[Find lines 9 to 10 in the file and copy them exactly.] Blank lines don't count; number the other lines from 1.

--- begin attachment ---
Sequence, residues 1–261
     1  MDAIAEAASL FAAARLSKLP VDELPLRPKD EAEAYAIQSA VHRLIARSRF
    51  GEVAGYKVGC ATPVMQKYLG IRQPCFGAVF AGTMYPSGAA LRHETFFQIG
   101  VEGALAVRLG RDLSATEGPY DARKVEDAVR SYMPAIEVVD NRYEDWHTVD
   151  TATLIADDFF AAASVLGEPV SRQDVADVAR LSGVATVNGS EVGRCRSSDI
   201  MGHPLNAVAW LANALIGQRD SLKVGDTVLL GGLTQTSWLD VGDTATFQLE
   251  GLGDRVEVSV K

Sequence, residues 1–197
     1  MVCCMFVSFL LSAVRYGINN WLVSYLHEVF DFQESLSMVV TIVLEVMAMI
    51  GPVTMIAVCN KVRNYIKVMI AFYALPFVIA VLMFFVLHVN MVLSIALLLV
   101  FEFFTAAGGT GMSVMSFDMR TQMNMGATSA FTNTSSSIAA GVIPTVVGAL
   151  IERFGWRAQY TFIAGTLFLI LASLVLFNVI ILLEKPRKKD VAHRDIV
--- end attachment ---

     1  MVCCMFVSFL LSAVRYGINN WLVSYLHEVF DFQESLSMVV TIVLEVMAMI
    51  GPVTMIAVCN KVRNYIKVMI AFYALPFVIA VLMFFVLHVN MVLSIALLLV